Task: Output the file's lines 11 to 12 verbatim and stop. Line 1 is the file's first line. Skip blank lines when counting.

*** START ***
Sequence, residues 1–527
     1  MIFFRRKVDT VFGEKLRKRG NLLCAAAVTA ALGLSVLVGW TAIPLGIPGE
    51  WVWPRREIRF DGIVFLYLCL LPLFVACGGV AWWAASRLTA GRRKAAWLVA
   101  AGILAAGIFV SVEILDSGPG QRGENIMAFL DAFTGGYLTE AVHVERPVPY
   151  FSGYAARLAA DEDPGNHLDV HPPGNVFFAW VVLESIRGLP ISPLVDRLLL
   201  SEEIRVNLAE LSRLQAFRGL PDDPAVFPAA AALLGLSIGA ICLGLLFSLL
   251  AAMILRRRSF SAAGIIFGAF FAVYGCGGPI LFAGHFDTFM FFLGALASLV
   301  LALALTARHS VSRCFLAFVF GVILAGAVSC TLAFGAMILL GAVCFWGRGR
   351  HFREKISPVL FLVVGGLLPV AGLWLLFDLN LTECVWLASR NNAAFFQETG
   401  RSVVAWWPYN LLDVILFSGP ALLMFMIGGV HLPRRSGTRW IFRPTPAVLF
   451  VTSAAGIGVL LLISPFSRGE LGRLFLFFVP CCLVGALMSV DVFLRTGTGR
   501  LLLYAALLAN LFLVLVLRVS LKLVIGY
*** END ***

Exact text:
   451  VTSAAGIGVL LLISPFSRGE LGRLFLFFVP CCLVGALMSV DVFLRTGTGR
   501  LLLYAALLAN LFLVLVLRVS LKLVIGY